ISAF Needs to Maintain Momentum in Afghanistan, General Says

WASHINGTON, July 13, 2011 — NATO’s Inter­na­tion­al Secu­ri­ty Assis­tance Force has a “real­is­tic chance” to meet its goals in Afghanistan if mem­ber nations main­tain cur­rent efforts there, an ISAF leader said today.

“We have achieved quite some­thing; how­ev­er, chal­lenges are still out there,” Maj. Gen. Richard Ross­manith of the Ger­man army, ISAF’s deputy chief of staff for sta­bil­i­ty, said dur­ing a Pen­ta­gon news brief­ing from the Afghan cap­i­tal of Kab­ul.

“We need to con­tin­ue our com­mon effort [in Afghanistan],” he said.

“We need to stay togeth­er,” Ross­manith con­tin­ued. “We need to main­tain the momen­tum. There is a real­is­tic chance to get the job done in the right way, and we have a chance to actu­al­ly achieve our objec­tives in this mis­sion.”

Ross­manith over­sees more than a hun­dred mil­i­tary and civil­ian mem­bers rep­re­sent­ing about 50 ISAF mem­ber nations, work­ing to devel­op gov­er­nance and a sus­tain­able econ­o­my in Afghanistan. Those mem­ber nations “have a vest­ed inter­est in near­ly all areas” of Afghanistan’s gov­ern­ment and eco­nom­ic prospects, he said.

The sta­bil­i­ty group over­sees efforts to improve rule of law, land man­age­ment, rev­enue gen­er­a­tion, civil­ian avi­a­tion, roads, bridges, schools, train­ing civ­il ser­vants, and oth­er ini­tia­tives, Ross­manith said.

“We still have a huge amount of chal­lenges,” he said, “but we are on a good way toward irre­versible achieve­ments.”

Those chal­lenges, Ross­manith said, include bor­der secu­ri­ty with Pak­istan and insur­gent safe havens there, and the insur­gency with­in Afghanistan. “We must be real­is­tic,” he said, “these bor­ders, with respect to the ter­rain, may nev­er be ful­ly con­trol­lable. We will need to do a lot in the coun­try” to bol­ster Afghanistan’s bor­der secu­ri­ty.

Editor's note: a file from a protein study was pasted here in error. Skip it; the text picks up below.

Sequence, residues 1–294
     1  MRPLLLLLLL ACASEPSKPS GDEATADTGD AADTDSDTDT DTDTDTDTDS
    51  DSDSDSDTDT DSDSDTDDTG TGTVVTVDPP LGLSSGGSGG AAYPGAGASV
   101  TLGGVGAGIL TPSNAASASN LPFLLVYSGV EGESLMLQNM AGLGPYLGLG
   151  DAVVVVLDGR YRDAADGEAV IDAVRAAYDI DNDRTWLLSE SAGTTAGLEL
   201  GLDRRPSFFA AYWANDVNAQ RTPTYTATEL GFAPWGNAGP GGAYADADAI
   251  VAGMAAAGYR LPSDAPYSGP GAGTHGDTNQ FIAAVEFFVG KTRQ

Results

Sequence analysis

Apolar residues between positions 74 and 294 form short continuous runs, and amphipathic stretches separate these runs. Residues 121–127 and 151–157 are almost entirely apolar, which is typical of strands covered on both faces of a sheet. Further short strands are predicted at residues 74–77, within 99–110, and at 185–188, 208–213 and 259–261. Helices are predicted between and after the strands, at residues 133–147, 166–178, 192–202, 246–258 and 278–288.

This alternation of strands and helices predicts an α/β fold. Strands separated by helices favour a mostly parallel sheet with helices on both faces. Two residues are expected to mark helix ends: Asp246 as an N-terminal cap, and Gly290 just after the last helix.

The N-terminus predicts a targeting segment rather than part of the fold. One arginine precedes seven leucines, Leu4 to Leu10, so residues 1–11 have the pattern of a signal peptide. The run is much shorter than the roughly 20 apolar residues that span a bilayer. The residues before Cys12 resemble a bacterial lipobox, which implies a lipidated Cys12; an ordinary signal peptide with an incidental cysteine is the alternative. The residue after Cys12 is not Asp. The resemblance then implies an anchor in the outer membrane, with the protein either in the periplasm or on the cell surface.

Rev­enue gen­er­a­tion also remains an issue, the gen­er­al said. Still, there has been mea­sur­able progress in build­ing Afghanistan’s infra­struc­ture and gov­er­nance, he said. Among oth­er things, the nation­al gov­ern­ment is con­sid­er­ing estab­lish­ing a roads author­i­ty to sus­tain that progress.

Gov­ern­ment sta­bil­i­ty in Afghanistan needs improve­ment, Ross­manith said. “At the end of the day, the sit­u­a­tion there still is soft,” he acknowl­edged.

What will strength­en it, he said, is to con­tin­ue with the cur­rent strat­e­gy to build up Afghan secu­ri­ty forces enough in the next 12 to 15 months so that the Afghans can take more respon­si­bil­i­ty for their secu­ri­ty, gov­er­nance and eco­nom­ic future.

For­eign invest­ment in Afghanistan has helped, Ross­manith said.

“Indeed, a huge amount of mon­ey has been spent in Afghanistan, and we see the pos­i­tive effects of that, par­tic­u­lar­ly in the past one to two years,” he said. “This sup­ports our com­pre­hen­sive [coun­terin­sur­gency] efforts and we see the pos­i­tive effects of all that was spent by the Unit­ed States and all the oth­er nations.”

The gen­er­al declined to com­ment on the death of Ahmed Wali Karzai, the half-broth­er of Pres­i­dent Hamid Karzai and a major pow­er bro­ker in south­ern Afghanistan, who was assas­si­nat­ed yes­ter­day, say­ing only that it was too ear­ly to draw con­clu­sions and that ISAF will sup­port the gov­ern­ment inves­ti­ga­tion.

U.S. Depart­ment of Defense
Office of the Assis­tant Sec­re­tary of Defense (Pub­lic Affairs)